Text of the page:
3 years ago
  30. Speaking of scarves and winter stuff, I was looking through the new winter products and I noticed Martina’s keyboard. I thought that it would be awesome if you guys sold keyboard stickers with EYK stuff and/or Korean syllables key placements for both PC and MAC users. I know I would totally buy something like that.

    Thank you so much for reading this.

    3 years ago
  31. Yay for the family tree diagrams; thank you for all of the wonderful videos. Although I would like to point out that the font is so tiny! I am a total noob at Korean; may I request bigger font and possibly a video with the words pronounced?

    3 years ago
    • Right click on the pictures, choose “Copy Image Location”, then open a new tab and paste it there. Erase the part at the end after .png and hit Enter to go there, and it’ll be full size. =)

      3 years ago
    • Yes, and also if next to the korean spelling you could write out the way you say the word in western letters as well? I still don’t read korean so this would help me in the process of learning.

      3 years ago
  32. I live in Egypt and there are quite a few words in Arabic you can’t translate into English and they vary by where you live in the Arab world. In Egypt we use the word “zifir” (verb) or “zafara” (noun) to describe something that has a distinct smell or taste. Eggs, chicken, fish can be notorious for having a “zifir” smell. It sort of means fishy, but it can mean eggy. It seems to have something to do with non-fresh protein hitting the air or something.

    3 years ago
  33. When I was growing up, my family would have close friends that we were taught to call them uncle/aunty, even though they were not related to us. It was kinda like a respect thing as well as a sign of them being accepted into the family. I’m not sure where my family got it from but I was wondering if there was something in Korean, like I know that you call someone your aunt or ajjummas as a sign of respect to someone older, but is their something special fro close fiends of the family?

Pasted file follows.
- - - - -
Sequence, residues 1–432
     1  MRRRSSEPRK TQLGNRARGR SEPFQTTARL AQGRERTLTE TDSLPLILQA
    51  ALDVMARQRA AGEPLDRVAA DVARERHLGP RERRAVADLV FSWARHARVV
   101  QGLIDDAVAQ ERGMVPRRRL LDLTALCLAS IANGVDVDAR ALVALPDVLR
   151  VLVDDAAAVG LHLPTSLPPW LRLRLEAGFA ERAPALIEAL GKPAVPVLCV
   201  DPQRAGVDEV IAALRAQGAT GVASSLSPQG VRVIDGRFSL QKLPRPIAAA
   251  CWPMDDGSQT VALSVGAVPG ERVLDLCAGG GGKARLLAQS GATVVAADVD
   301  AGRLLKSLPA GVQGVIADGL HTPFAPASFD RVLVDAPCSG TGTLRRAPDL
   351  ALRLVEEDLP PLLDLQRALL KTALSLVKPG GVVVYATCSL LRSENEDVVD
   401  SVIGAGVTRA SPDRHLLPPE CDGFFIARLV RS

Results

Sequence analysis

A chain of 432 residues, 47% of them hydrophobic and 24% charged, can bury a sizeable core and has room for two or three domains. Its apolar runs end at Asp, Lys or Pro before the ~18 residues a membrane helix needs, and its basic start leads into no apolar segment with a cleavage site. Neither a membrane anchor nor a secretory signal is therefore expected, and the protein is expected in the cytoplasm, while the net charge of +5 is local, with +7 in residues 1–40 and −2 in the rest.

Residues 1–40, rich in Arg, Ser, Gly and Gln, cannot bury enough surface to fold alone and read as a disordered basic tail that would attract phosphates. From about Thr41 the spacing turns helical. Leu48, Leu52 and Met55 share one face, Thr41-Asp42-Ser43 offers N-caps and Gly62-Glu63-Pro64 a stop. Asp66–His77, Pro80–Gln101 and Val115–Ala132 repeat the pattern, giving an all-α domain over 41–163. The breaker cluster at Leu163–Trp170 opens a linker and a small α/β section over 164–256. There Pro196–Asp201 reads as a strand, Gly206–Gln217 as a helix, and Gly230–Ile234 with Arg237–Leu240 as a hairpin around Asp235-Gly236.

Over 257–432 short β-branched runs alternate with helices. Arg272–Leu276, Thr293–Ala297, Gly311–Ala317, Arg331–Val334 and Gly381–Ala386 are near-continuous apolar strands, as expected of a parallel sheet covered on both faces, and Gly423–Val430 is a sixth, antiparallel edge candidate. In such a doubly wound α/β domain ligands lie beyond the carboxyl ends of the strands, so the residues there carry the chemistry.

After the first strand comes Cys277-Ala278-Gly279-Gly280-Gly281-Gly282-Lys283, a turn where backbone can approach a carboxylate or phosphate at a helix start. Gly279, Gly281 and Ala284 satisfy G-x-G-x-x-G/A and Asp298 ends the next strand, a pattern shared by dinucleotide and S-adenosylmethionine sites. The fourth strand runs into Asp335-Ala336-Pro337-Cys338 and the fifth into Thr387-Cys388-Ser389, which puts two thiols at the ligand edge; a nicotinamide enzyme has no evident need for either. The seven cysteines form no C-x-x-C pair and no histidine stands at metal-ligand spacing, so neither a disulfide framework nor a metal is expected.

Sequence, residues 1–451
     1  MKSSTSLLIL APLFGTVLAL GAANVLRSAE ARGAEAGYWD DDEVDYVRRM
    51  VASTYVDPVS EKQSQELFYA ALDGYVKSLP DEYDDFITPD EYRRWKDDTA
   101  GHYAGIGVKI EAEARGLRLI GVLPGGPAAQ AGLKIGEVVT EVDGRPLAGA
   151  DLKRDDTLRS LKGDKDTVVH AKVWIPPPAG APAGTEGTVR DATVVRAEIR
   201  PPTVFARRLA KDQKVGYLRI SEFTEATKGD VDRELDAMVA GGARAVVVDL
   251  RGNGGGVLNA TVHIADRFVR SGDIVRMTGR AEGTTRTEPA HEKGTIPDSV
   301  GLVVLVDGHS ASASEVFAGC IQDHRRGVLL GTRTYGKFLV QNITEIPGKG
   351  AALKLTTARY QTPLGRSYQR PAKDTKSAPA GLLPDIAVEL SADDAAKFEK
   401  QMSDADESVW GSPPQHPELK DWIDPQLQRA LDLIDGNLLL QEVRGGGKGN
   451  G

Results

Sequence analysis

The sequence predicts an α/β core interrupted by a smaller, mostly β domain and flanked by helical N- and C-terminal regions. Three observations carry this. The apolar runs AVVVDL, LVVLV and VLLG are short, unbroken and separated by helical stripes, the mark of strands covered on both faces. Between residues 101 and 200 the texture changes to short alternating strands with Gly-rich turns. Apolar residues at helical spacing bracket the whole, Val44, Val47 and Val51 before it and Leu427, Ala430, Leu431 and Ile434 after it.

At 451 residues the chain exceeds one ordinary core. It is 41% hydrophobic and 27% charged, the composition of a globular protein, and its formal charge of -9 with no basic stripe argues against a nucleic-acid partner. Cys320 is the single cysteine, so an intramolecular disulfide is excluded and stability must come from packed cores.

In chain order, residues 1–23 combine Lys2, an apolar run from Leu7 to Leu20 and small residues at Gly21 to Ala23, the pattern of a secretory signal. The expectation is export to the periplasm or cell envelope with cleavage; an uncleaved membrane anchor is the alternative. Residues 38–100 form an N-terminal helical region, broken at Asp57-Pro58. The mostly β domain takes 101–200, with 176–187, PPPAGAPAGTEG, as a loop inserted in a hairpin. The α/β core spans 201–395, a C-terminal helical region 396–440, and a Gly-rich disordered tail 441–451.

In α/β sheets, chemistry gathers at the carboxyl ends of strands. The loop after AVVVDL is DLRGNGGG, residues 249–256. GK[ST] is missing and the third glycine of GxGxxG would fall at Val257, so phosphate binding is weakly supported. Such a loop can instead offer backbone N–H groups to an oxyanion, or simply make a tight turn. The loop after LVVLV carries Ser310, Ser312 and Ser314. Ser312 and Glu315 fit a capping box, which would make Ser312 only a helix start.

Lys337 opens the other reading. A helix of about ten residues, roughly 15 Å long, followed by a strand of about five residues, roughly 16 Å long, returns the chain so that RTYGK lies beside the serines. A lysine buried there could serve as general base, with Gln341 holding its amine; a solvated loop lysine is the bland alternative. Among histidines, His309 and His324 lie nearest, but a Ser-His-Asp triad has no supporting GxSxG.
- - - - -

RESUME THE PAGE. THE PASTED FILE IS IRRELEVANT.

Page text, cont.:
3 years ago
  34. Do either one of you know any other lang. Besides Korean and English? It would be interesting to how Korean Words are translated into something like spanish.

    3 years ago
  35. In russian we have the word “toska” wich has no translation into English. The meaning of carries someting along the lines of deep spiritual anguish or/and an unexpressible longing for something/someone. Pretty depressing, right? :p

    In America, middle names are chosen for a child, while in Russian culture you’re middle name derives from your father’s name. For example, a fathers name is Leonid, so the daughters middle name will automatically be Leonidovna, and the sons middle name would be Leonidovich. It is basically taking the dads name and adding an ending to it to nake it feminine or masculine :) when you speak to your teachers or people older than you, instead of saying Mr/Mrs”last name”, or aunt/uncle, we call them by their first and middle name to show respect (so like: Nataliya Leonidovna. Order is first name, middle name). You also use formal speech, sort of the equivalent of adding the “요” in korean :) if you dont know them personally by name, you can adress them as man, or woman but still use formal speech if they are older than you.

    3 years ago